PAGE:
Stackpole said she began thinking about white privilege when she worked at a battered women’s center after college. She said black women in the program asked her to speak with the director about providing adequate hair care products. Stackpole said neither she nor her director had considered the different hair care needs.

Cohen said as a gay man he had early experiences of being different and excluded from advantages of society. Learning about Jim Crow and segregation reinforced his understanding of racism in American society. He said while he experienced oppression as a gay man he also experienced advantages as a white man.

“I had to begin to understand the interconnectedness of the multiple ways I identify,” Cohen said. “Then ask how I can use the advantages I have to align myself with people who experience disadvantages.”

Stackpole said when she was a child, boys were allowed a paper route when they were 12 but girls had to wait until they were 18. She said she couldn’t not see how boys were allowed opportunities girls weren’t. Stackpole said in a recent Saco Planning Committee meeting she noticed the city council was only white men.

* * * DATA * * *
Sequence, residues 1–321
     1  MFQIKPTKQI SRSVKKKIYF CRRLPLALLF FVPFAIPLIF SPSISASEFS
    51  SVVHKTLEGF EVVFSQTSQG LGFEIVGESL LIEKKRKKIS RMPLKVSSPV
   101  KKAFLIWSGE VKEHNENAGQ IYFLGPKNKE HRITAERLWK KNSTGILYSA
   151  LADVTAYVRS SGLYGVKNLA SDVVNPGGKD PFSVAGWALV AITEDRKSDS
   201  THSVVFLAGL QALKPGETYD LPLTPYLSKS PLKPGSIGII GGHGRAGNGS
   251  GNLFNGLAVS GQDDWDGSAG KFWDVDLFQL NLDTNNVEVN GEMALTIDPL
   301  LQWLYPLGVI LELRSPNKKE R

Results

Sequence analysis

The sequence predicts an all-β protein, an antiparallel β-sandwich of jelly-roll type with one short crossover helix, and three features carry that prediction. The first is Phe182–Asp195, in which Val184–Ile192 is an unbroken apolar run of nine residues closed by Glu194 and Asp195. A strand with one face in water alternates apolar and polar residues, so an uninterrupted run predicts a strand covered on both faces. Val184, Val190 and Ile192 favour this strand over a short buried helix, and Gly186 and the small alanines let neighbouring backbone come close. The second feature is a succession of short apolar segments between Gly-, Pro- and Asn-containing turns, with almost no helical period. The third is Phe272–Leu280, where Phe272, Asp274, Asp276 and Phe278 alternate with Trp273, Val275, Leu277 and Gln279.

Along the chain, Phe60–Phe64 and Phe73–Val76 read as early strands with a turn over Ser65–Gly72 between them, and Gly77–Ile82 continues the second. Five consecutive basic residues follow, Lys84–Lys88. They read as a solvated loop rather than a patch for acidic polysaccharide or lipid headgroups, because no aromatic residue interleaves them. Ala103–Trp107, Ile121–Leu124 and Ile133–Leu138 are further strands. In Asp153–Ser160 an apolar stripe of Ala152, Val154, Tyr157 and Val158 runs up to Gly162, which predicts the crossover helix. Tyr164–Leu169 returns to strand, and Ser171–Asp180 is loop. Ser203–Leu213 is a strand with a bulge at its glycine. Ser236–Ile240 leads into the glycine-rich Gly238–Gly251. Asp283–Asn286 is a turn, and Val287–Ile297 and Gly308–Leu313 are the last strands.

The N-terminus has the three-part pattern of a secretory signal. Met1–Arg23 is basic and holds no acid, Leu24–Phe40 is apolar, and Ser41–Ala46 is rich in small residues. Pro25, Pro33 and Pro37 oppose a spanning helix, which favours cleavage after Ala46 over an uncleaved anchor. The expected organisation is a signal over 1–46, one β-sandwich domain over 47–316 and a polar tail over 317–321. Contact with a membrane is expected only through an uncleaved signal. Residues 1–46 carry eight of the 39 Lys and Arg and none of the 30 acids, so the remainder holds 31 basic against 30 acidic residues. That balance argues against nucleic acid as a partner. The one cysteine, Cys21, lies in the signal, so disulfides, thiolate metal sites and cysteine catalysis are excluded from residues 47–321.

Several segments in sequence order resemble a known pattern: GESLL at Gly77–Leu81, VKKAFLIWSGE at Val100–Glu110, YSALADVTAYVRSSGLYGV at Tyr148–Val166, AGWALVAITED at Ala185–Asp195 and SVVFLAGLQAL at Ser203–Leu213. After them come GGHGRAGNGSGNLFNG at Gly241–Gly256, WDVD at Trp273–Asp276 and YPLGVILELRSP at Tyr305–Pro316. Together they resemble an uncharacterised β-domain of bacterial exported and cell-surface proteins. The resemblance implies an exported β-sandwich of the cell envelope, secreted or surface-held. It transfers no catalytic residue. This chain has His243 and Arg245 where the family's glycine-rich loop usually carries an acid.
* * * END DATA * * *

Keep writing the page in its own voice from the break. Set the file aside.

“I began to look at all the people not in the room,” she said.

Cohen said the notion that other people may also work very hard and get denied certain advantages as a result of their work doesn’t take away from anyone else’s hard work. He said what’s unfair is the world doesn’t meet the hard work of all people in the same way.

“Using our advantage to make the world a more fair place doesn’t mean giving up what we have worked so hard for as individuals,” Cohen said.

Cohen said the most recent conference is one example of how Ferry Beach Park Association makes a difference. Cohen would like to see more people participate in events.

“This is a community thinking about our place in the world every week of the year,” he said.

A schedule of conferences and events can be found at ferrybeach.org. The next conference on white privilege will happen Feb. 3 and 4. Stackpole said Ferry Beach Park Association is a safe place for anyone interested in visiting.

“We are here for everyone in the community to share and be a part of something,” she said.

Contact Staff Writer Grant McPherson at news@inthecourier.com